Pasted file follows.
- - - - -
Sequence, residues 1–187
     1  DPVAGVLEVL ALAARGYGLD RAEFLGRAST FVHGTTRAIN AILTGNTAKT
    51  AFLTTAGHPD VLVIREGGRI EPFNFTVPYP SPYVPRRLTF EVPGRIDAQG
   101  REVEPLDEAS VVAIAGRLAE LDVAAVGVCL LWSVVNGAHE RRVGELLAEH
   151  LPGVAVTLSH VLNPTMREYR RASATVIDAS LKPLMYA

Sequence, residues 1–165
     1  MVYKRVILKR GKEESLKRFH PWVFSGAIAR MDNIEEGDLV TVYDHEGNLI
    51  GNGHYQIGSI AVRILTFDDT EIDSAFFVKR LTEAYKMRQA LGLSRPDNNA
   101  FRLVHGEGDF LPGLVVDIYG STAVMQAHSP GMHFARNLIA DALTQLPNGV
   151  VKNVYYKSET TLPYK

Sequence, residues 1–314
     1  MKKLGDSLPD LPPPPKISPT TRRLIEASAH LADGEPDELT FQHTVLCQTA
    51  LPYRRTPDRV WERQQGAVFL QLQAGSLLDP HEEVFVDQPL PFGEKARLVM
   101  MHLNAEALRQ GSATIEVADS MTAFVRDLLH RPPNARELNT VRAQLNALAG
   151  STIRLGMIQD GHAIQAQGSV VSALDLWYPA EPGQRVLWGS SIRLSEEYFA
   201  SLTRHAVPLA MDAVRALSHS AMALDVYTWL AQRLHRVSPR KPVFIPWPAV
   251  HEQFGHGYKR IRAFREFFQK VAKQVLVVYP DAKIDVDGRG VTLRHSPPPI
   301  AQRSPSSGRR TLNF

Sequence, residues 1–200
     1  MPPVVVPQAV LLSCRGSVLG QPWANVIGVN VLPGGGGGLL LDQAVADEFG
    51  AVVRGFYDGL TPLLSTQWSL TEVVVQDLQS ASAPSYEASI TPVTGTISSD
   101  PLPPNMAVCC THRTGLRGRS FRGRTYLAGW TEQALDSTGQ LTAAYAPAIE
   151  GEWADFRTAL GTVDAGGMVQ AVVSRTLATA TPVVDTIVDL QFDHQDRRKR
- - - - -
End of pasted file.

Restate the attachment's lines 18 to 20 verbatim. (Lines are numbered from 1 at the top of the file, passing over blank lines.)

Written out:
   301  AQRSPSSGRR TLNF

Sequence, residues 1–200
     1  MPPVVVPQAV LLSCRGSVLG QPWANVIGVN VLPGGGGGLL LDQAVADEFG